Father Thomas Andrew talks to parishioners during the hierarchal divine liturgy last Sunday. He became the 11th resident priest at the Holy Assumption of the Virgin Mary Russian Orthodox Church in 2003.
Photo by M. Scott Moon
Father Paul Shadura was in Kenai the longest of the 11 resident priests, serving from 1907 to 1952 without salary. He also established churches in both Tyonek and Seldovia. Trefon noted that Father Shadura's daughter and one son still live in Kasilof.
Changes throughout the years were mostly existent on the outside of the church walls as opposed to inside of them. Yes, there have been restorations and facelifts to the building itself, including the beautiful artwork which adorns the walls.
But the liturgical services inside remain centuries old. And paying homage to that history which has sustained so many people is important.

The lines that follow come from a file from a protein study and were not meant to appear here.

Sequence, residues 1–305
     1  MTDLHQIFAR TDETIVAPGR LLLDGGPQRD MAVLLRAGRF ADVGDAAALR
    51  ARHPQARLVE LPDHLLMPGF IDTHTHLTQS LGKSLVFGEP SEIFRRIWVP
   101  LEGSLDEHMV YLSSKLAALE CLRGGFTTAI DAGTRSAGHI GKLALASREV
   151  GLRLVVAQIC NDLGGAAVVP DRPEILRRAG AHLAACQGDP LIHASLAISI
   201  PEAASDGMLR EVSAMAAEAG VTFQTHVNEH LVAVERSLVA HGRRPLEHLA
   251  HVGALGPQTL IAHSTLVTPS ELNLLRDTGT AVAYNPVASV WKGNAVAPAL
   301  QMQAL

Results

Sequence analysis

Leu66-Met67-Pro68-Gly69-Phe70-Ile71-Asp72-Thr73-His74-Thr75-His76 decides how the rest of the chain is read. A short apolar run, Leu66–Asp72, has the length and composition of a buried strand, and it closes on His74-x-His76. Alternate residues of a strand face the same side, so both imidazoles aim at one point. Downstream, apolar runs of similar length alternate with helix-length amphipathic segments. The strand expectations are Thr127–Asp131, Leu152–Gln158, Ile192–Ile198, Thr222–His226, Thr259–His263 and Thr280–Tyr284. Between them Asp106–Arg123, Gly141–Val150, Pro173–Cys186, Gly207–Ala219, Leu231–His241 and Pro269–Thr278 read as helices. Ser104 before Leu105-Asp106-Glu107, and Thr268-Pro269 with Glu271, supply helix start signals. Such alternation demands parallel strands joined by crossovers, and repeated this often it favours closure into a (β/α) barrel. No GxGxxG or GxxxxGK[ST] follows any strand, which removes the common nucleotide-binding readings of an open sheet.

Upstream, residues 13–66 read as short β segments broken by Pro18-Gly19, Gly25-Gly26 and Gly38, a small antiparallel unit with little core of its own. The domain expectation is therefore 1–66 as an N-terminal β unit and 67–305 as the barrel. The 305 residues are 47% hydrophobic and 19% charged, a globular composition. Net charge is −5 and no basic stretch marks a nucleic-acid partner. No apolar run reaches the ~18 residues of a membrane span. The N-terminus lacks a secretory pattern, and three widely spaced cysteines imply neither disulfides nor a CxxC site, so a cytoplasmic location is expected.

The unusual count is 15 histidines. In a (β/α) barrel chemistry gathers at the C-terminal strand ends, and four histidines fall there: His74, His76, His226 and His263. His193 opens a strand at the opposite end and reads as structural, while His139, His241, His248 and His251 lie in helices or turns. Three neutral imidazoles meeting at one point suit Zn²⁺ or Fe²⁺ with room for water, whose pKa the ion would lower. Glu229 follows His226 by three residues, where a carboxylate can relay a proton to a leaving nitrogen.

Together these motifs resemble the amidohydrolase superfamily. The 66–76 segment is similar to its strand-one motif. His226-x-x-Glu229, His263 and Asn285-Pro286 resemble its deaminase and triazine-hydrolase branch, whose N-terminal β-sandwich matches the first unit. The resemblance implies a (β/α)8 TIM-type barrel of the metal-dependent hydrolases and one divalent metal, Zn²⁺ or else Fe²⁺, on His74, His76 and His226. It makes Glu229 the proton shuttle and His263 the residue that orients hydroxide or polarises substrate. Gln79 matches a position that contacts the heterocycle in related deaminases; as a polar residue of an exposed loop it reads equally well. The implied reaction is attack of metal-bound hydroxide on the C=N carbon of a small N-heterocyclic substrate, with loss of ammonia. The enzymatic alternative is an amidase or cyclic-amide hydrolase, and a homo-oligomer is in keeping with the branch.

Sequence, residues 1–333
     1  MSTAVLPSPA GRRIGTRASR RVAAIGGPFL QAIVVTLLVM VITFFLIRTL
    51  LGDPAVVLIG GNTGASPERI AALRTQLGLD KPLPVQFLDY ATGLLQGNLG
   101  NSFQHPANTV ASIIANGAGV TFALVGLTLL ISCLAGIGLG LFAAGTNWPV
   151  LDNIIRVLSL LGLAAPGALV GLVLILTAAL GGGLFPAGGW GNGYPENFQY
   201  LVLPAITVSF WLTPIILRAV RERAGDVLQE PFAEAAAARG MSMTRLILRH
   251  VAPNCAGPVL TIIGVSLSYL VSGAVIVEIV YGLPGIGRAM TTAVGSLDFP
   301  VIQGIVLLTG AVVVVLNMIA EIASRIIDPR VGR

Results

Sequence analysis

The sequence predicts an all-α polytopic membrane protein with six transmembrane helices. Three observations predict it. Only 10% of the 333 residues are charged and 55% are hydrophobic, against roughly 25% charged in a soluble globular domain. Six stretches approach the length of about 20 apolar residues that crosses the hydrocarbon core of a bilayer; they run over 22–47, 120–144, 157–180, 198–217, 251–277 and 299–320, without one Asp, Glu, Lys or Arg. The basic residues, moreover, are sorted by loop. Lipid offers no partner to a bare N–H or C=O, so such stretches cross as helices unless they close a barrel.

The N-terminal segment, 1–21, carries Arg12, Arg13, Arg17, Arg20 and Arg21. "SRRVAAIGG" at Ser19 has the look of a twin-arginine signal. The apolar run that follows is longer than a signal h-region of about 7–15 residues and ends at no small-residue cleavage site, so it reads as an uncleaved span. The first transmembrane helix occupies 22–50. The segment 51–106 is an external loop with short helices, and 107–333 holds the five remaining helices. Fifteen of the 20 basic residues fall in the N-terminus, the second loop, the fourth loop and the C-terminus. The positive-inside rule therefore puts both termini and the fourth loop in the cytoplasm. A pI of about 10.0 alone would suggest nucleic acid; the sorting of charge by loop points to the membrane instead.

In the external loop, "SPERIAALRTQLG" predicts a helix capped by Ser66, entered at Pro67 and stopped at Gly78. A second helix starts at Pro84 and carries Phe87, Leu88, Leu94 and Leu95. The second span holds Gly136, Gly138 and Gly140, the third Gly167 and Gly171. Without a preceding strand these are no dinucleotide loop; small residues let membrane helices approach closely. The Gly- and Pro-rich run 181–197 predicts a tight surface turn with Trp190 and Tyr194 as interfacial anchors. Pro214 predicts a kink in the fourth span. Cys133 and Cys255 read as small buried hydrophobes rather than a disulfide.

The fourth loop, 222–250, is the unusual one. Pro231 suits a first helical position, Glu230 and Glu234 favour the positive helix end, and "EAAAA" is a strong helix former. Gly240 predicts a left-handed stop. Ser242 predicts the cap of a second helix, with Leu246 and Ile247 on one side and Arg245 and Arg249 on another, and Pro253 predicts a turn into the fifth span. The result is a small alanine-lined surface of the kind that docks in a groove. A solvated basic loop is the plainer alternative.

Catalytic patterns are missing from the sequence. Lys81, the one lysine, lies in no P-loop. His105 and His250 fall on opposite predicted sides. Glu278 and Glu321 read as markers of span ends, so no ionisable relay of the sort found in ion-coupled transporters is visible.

"It's really, not just bearing witness to long history," Isidore said. "But by the time this church was built, we were very well established. It's a continuation of that, sort of recognition that the Russian Orthodox Church has played a very big role, if not a singular role, in the culture and the development and the civilization of this part of the state, and much of the state."
The area around the church has changed significantly in the last 110 years but the structure itself remains nearly the same.
Photo by M. Scott Moon
Unique Saturday setting
The unique Saturday setting could hardly be lost on those attending.
Inside the modestly sized building, ironically enough, are Western European Ren-ascence iconography.
"That was introduced by Peter the Great in the 1600s," said Father Thomas Andrew, resident priest. "He, being the Czar, really liked the Western European work of art. And he brought that style into the church. We're heirs to this stuff. This is not Orthodox iconography. Its Western European Renascence style."